The Advanced Part of a Treatise on the Dynamics of a System of Rigid Bodies; Being Part II. of a Treatise on the Whole Subject

The Advanced Part of a Treatise on the Dynamics of a System of Rigid Bodies; Being Part II. of a Treatise on the Whole Subject

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This historic book may have numerous typos and missing text. Purchasers can download a free scanned copy of the original book (without typos) from the publisher. Not indexed. Not illustrated. 1905 edition. Excerpt: ...1842. Art. 278. 326. To find the Forced Vibration. To find a particular integral for any force Pe'Kt sin (Xt + a) we follow the methods already explained in Chap. VI. If A (8) be the determinant of the motion and /, (6"), 12 (&), &c. be the minors of the first, second, &c. terms in that row of A (8) which corresponds to the equation in which the force occurs, we have x = )Pe-Kt8m(Xt + a), y = Pe-'sin(i4-a), = &c. We shall now prove that these operators lead to two trigonometrical terms in each of the coordinates. These two terms constitute the forced vibration in that coordinate. 327. To perform the operations indicated by these functions of S, we use the following simple rule. To perform the operation F(S) = on PeKt 8ia (t + o) we A (5J cosv' write 6=-K + s/-I and reduce the operator to the form L + M J-1. The required result is then PeKt(L + H-) S1 (t + a). X/cos To prove this rule, we notice that, by Art. 265, F (J) emt= (L + If N/-1) emt where m=-Ac + X N/-1. If we now replace the imaginary part of the exponential by its trigonometrical value, and equate the real and imaginary parts on each side of the equation, the result follows at once. 328. If the force is permanent K = 0 and it immediately follows that the consequent forced vibration is also permanent. 329. If the determinant A(i) have a roots each equal to m, i.e.-k + Xz-i, the result assumes an infinite form. In this case the operator may be replaced by taI(S) + ata-1r(S) +...+la(S)la(S), where the coefficients follow the binomial law, and Aa(5), &c. have been written to express the ath differential coefficient of A (S), &c. Every one of these operations may now be performed by the rule given in the last article. To prove this, we replace the root m by m +...show more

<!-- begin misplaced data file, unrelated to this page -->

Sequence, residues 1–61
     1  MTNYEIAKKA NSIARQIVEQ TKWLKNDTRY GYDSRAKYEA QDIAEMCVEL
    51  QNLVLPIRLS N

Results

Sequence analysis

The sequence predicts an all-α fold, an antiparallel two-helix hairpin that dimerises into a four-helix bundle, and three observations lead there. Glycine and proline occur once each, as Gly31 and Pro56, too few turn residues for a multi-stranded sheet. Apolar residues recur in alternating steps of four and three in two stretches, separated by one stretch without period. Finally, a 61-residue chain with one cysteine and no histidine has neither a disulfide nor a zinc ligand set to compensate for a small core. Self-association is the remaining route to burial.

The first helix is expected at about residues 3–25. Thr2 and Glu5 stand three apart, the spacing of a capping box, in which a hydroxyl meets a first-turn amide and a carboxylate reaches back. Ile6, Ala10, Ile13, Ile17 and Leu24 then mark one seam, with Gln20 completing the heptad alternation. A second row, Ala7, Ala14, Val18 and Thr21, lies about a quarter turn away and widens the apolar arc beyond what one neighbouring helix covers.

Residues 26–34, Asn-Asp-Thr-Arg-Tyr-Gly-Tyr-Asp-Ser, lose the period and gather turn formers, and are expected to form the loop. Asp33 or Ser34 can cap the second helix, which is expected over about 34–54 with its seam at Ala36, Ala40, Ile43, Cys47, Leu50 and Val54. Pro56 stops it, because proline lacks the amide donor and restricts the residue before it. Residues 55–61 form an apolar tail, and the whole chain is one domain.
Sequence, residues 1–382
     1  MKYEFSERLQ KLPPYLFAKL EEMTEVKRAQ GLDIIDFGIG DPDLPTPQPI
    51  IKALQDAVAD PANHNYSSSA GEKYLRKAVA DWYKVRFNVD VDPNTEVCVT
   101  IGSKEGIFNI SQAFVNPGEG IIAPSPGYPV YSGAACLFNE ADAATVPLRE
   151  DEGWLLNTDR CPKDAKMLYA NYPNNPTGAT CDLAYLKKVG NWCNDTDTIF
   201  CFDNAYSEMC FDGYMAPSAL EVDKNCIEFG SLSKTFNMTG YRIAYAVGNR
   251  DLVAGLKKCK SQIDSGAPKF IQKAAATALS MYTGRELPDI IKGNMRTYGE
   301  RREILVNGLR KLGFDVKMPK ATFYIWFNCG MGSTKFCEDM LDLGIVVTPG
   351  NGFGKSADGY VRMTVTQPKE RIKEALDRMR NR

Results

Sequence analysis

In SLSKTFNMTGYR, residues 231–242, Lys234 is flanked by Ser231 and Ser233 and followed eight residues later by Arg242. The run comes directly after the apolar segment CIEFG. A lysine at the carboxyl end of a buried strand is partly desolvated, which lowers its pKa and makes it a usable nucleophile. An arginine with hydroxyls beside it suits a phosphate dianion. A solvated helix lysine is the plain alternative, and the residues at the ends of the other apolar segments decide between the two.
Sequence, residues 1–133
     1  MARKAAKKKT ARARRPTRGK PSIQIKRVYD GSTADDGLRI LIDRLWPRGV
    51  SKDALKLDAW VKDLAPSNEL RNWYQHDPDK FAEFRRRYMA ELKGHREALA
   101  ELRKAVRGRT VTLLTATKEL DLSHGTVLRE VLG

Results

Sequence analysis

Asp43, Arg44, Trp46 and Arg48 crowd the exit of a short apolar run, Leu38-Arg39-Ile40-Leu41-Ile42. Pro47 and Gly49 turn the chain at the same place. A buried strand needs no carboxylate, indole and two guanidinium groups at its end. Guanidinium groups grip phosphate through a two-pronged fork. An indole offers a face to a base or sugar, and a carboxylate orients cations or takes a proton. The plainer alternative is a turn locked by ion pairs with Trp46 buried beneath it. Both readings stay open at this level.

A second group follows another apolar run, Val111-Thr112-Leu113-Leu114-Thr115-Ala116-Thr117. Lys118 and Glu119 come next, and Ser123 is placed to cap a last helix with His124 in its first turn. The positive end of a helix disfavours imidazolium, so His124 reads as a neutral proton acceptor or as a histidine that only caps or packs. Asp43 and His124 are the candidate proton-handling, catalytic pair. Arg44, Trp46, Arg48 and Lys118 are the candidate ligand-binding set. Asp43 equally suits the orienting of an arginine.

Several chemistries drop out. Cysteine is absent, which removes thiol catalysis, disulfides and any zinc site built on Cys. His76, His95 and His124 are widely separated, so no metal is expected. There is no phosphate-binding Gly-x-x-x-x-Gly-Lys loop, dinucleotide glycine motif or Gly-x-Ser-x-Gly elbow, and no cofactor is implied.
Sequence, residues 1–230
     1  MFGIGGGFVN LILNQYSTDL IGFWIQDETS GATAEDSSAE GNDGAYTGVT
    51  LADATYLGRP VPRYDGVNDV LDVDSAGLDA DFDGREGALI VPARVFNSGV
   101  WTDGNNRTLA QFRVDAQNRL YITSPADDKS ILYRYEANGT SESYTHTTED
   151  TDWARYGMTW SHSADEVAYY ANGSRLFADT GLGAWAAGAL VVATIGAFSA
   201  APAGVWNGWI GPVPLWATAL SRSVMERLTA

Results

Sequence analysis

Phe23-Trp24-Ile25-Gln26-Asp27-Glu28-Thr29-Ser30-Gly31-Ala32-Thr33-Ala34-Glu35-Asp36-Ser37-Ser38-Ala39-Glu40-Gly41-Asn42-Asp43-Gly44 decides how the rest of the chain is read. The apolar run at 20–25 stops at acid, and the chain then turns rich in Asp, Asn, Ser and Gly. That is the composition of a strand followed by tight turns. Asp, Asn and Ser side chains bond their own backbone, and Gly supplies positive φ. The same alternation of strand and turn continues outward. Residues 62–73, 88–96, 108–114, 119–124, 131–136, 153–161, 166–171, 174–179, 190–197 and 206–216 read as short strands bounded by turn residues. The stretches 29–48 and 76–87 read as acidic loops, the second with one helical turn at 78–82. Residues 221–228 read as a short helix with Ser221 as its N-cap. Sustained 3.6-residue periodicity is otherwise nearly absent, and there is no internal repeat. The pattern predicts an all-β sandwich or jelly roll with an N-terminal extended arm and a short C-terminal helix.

Product details

  • Paperback | 212 pages
  • 189 x 246 x 11mm | 386g
  • Rarebooksclub.com
  • Miami Fl, United States
  • English
  • black & white illustrations
  • 1236494024
  • 9781236494023